A bride for a bride: Komal’s story

Child Marriage , Education , Health

Atta-Satta. That’s the name for exchange marriages in the community in India where Komal lives.

Komal was an avid student who would rather read a book than watch TV. She dreamed of going to college and getting a good job. But, at the young age of 16, Komal’s parents married her off in exchange for a bride for her brother.

A bride for a bride. Atta-Satta.

Married at 16, Komal was suddenly faced with a future that looked very different from the one she had imagined. She hoped her new husband would allow her to complete her studies, but she was pregnant even before turning 17.

“Since then, I have hardly ever been allowed to step out of the house. Everyone goes out shopping, and for movies and neighborhood functions, but not me,” explains Komal. “Sometimes, when the others are not at home, I read my old school books, and hold my baby and cry.”

No girl should be forced to drop out of school, marry while still a child, or have children before she is ready. But just like Komal, this is what life looks like for many young girls in India. In fact, 70% of girls ages 6-16 drop out of school. And one-third of women alive today who were married before 18 years old live in India.

In some places in India, there is a strong preference for having sons; girls are often considered to be financial burdens on their families, and are deemed unworthy of investment. So when Komal gave birth to a girl, she was met with anger from those around her. She was filled with love for her daughter, and yet she was blamed for not having a son.

Though Komal was forced to abandon her future plans and raise a family while still a child herself, it’s not too late for her daughter – or for thousands of other girls just like her.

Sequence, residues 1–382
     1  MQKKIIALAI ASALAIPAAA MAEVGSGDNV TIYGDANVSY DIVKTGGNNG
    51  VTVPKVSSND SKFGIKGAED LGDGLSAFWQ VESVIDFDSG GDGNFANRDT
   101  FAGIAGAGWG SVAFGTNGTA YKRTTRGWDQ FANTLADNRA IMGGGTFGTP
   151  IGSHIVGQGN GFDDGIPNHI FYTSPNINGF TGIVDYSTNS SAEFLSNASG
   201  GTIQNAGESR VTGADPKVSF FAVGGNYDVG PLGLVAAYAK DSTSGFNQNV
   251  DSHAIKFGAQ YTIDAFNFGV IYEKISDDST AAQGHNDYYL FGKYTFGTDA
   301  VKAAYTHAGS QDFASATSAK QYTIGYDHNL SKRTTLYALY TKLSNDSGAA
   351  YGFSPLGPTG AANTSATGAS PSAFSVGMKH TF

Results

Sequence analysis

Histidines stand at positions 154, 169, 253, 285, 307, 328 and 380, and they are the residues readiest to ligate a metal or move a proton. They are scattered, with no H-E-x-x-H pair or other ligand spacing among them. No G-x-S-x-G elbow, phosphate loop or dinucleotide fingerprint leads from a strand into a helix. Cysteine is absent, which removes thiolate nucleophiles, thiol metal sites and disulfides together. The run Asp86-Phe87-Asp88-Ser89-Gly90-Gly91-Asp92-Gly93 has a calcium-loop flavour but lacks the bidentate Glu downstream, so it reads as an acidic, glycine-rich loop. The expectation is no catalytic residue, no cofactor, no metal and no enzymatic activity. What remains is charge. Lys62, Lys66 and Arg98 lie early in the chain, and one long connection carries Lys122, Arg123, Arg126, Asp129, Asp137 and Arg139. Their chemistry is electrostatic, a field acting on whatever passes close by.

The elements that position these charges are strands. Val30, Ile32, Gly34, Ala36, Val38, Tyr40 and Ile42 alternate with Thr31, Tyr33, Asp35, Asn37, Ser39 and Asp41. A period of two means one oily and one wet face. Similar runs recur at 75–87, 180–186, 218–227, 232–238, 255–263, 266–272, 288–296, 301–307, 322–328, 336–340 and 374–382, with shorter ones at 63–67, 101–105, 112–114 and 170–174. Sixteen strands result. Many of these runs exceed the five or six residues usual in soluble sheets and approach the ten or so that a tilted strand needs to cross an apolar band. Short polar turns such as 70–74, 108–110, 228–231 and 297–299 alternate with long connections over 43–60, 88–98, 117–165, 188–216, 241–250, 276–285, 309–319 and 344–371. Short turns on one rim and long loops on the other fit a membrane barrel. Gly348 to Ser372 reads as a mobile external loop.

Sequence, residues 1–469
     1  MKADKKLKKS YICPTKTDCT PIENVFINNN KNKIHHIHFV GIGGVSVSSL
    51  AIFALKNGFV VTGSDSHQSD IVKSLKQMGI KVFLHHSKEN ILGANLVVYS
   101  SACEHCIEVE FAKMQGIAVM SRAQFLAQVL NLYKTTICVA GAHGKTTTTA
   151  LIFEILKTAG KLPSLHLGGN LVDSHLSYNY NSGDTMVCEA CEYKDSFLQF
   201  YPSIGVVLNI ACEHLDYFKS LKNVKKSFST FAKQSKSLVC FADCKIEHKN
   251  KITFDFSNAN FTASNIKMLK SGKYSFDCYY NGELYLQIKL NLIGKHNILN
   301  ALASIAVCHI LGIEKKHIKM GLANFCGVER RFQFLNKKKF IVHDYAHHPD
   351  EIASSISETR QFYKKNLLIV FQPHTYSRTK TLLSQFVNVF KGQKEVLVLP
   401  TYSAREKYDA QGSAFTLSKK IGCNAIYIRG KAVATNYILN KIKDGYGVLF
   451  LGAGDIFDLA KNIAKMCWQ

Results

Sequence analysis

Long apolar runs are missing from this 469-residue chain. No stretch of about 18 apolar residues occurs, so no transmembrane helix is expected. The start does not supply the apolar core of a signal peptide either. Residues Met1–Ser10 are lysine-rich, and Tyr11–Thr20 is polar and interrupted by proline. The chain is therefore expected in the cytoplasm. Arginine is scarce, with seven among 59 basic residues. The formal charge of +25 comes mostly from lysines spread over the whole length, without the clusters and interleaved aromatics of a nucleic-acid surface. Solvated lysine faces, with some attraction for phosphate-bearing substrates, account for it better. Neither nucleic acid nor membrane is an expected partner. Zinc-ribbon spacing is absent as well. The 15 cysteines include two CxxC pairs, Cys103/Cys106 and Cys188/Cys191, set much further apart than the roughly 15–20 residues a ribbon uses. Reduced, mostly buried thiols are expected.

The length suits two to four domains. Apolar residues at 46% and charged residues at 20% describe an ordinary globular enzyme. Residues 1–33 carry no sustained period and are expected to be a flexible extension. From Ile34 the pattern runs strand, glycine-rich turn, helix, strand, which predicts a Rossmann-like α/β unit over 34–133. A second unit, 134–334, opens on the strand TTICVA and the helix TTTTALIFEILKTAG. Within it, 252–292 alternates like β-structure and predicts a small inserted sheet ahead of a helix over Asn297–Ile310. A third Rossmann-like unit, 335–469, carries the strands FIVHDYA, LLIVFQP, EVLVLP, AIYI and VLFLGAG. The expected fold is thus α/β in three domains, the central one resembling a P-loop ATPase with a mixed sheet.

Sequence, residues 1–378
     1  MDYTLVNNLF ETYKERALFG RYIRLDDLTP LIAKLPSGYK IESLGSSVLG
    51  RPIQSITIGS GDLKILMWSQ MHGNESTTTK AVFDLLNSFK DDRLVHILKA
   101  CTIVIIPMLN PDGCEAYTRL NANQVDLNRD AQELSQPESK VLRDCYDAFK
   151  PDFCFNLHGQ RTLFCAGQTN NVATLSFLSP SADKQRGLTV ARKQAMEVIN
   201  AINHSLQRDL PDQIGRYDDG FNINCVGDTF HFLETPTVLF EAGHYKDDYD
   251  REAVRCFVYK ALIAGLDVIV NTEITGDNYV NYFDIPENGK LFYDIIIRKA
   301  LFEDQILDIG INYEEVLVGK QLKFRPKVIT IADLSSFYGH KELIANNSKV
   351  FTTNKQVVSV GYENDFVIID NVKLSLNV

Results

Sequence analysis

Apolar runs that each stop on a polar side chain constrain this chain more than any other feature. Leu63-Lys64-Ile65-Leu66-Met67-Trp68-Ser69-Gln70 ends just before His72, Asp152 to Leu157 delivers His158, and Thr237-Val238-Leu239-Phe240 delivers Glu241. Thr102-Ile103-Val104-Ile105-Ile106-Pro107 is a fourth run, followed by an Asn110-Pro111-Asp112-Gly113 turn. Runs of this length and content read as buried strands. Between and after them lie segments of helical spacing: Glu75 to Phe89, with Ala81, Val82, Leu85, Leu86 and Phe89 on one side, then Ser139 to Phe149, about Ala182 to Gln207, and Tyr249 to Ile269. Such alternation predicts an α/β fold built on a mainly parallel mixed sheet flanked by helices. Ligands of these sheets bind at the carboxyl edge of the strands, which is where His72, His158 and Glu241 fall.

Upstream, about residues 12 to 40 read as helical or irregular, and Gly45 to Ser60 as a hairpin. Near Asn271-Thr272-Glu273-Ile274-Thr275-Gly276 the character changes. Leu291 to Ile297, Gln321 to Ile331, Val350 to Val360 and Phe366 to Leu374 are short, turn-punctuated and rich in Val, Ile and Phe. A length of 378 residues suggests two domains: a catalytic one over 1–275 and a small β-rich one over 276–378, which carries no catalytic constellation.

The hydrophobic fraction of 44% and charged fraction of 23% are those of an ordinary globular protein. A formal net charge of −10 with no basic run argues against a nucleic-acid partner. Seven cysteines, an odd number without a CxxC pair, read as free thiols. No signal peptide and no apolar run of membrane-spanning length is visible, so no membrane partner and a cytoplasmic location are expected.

“Hopefully, customs like Atta-Satta and child marriage will be totally gone by the time my daughter grows up, and she gets to complete her education and marry only when she wants to,” says Komal.

Girls everywhere should be able to control their own lives and create the future they want. When a girl can say no to child marriage and yes to education, the impact is felt throughout her family, her country and our world.

India is filled with bright, talented and hopeful girls like Komal – girls who love to read, go to school and work hard. Let’s work to build a better world by taking the first step: empowering a girl.

Girl Up recently made the exciting decision to expand our fundraising efforts to reach and support young girls in India. This new program, run by UNFPA and funded by Girl Up, seeks to protect girls’ rights and help girls delay child marriage. With an emphasis on targeting out-of-school girls, this initiative will educate girls in the Rajasthan region of India on important health issues and give them access to the resources they need to have control over their own lives and futures.

Learn more about the program in India and donate to support a girl like Komal: GirlUp.org/donate.